| Dave Cameron (left) and Emmanuel Nanthan. Picture courtesy: WICB |
Calcutta: Joel ‘Big Bird’ Garner’s hopes of one day heading the West Indies Cricket Board (WICB) crashed following an embarrassing defeat in Wednesday’s AGM.
Garner got thrashed 4-8 by Emmanuel Nanthan, a diplomat from Dominica, in the election for the vice-president’s post.
While the 60-year-old Garner heads the powerful Barbados Cricket Association, Nanthan, 46, is the Windwards Islands chief.
Worse, the AGM was held in Barbados, Garner’s home turf.
Besides the setback to Garner’s ambitions, his loss is a big blow to player power.
Julian Hunte’s bid for a fourth consecutive term as president came a cropper as well. He was ousted 5-7 by Jamaican businessman Whycliffe ‘Dave’ Cameron, who’d been the vice-president.
The West Indies won the World T20 last October, in Hunte’s tenure, but that wasn’t enough to impress the electorate. He paid for the controversies, not least the WICB’s row with Chris Gayle, which took a year to resolve.
That apart, the WICB desperately needs funds and Cameron, 42, has pledged to do the needful. Today, cricket has to be run like a business and the new president believes he has the credentials to do so.
Hunte, apparently, didn’t do enough.
The 73-year-old Hunte also has business interests, but is seen more as a politician and a diplomat. In fact, back in 2003-04, he’d been the president of the UN General Assembly.
Cameron’s dealings with the West Indies Players’ Association (WIPA), in particular, will be closely watched.
Indeed, on the eve of the AGM, the Trinidad and Tobago high court directed WIPA to pay the WICB a whopping sum of $ (T&T) 900,000 towards “costs” after a failed court move.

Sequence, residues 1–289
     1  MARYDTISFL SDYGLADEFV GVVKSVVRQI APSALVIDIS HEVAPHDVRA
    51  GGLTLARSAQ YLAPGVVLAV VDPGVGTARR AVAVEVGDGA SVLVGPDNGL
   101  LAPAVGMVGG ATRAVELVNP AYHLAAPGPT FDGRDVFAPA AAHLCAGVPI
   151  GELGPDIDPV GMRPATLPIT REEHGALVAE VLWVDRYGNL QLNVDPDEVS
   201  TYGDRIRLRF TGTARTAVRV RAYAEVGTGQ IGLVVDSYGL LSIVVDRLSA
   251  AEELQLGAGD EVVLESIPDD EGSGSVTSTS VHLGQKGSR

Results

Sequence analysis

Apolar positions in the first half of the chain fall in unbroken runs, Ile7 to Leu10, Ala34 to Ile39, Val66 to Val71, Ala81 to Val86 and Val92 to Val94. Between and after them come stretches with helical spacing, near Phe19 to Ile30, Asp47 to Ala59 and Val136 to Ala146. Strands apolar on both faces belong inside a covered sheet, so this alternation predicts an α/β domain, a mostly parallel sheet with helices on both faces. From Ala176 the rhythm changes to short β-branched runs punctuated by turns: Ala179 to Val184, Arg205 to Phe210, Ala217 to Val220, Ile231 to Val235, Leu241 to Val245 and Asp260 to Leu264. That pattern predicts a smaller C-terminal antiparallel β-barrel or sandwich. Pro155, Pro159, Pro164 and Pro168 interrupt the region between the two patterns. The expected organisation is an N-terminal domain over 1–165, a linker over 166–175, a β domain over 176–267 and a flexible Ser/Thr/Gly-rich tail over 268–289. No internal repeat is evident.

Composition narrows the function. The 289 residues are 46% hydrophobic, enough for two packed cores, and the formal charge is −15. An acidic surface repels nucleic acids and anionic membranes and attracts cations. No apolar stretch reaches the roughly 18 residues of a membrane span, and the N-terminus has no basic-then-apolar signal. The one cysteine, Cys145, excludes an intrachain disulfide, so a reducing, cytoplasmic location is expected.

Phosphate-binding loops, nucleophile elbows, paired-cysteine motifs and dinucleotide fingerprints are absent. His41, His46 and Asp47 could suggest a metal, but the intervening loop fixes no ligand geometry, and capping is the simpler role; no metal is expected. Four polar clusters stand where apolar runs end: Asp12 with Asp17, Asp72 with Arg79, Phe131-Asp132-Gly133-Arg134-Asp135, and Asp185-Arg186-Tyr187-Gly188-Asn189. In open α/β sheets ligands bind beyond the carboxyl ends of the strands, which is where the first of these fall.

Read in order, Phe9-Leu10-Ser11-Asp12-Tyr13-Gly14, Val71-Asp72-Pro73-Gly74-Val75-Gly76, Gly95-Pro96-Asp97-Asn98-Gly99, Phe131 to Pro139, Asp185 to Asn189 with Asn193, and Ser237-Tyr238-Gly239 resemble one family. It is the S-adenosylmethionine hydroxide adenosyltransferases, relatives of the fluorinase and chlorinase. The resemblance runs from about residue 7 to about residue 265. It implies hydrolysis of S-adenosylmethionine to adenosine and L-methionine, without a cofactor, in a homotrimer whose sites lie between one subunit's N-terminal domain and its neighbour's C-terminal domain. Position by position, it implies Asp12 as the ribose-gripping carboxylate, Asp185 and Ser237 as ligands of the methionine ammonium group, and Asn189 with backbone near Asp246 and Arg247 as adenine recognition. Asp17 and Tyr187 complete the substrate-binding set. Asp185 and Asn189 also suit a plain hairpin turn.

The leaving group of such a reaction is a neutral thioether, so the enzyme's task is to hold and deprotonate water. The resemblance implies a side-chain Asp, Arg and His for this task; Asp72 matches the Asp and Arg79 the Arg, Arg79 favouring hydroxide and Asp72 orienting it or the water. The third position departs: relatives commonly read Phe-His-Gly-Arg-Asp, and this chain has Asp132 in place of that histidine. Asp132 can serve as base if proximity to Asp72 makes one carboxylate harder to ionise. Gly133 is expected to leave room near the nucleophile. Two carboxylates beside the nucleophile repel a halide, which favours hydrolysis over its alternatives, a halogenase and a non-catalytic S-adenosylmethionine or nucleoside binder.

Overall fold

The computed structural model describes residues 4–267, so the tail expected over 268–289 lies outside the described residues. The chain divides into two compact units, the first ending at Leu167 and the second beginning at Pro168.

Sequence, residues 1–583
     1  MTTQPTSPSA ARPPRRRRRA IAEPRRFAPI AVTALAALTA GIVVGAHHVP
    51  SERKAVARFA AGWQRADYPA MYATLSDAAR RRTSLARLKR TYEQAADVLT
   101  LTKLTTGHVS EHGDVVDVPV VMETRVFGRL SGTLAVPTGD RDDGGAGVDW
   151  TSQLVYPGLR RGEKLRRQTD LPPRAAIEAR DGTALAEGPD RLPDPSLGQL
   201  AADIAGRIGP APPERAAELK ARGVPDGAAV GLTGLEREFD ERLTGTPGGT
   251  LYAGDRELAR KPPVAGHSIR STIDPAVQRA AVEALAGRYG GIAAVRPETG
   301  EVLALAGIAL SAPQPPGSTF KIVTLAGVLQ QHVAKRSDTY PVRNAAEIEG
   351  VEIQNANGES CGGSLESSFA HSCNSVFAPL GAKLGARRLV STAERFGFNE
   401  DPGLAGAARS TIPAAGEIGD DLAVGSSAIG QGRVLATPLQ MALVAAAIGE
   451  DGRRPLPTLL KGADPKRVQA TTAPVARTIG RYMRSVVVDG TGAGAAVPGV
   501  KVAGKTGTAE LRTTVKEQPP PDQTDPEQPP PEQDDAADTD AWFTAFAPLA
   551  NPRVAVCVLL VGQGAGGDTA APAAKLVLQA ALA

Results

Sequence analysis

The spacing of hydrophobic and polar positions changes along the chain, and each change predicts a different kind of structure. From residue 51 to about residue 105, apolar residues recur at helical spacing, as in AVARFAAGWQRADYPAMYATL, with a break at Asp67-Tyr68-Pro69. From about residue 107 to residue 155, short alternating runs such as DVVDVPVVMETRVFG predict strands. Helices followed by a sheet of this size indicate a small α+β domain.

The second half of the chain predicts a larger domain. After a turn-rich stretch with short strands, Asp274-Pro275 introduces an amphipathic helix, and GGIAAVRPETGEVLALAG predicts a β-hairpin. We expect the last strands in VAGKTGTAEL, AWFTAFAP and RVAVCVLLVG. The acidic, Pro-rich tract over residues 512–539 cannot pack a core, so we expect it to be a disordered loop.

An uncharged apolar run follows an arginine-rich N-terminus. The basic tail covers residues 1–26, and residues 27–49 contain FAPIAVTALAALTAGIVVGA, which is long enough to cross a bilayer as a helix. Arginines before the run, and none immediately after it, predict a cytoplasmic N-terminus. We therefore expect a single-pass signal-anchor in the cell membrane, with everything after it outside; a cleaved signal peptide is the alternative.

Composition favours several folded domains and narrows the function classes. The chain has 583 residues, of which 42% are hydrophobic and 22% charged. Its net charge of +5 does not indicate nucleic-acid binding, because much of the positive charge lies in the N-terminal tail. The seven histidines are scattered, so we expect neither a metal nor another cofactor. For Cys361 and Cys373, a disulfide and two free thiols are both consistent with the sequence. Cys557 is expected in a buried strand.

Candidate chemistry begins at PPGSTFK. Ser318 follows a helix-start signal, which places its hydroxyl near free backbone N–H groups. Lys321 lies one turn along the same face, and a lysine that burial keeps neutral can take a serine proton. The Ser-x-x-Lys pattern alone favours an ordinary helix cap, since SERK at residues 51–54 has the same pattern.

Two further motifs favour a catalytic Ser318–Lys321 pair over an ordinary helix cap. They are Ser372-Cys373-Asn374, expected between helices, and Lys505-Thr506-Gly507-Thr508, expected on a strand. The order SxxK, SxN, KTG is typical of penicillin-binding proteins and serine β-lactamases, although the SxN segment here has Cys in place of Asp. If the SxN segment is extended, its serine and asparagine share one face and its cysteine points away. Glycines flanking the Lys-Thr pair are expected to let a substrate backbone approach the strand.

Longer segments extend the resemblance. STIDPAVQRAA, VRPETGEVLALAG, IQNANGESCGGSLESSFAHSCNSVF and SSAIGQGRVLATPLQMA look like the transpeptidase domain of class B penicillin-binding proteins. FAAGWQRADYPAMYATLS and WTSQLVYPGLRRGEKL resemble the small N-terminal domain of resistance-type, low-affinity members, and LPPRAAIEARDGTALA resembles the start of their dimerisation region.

The players’ body had gone to court over the “interpretation” of the Memorandum of Understanding and Collective Bargaining Agreement which governed its relationship with the WICB.
People talk of the need for former cricketers to run the sport, but when it comes to election time, the ball hardly rolls their way.
In the Indian context, former captains Ajit Wadekar, Gundappa Viswanath and Dilip Vengsarkar were defeated by politicians when they sought the No.1 position in their state association.
If anything, politicians know how to win elections. That they may come up short in their own profession is another matter.
Wadekar (2001) and Vengsarkar (2011) lost to Sharad Pawar and Vilasrao Deshmukh, respectively, in Mumbai; in 2007, Viswanath was beaten by Srikanta Datta Narasimharaja Wadiyar in Karnataka.
Anil Kumble, however, bucked that trend in 2011, when he defeated Wadiyar, a Mysore royal, in his bid for a second term as the Karnataka State Cricket Association supremo.
Kumble, too, is a former India captain.
Significantly, Vengsarkar intends having another go, this year. “Yes, I’ll contest once more,” he told The Telegraph on Thursday.
Deshmukh, a Union minister at that point in time, passed away last year.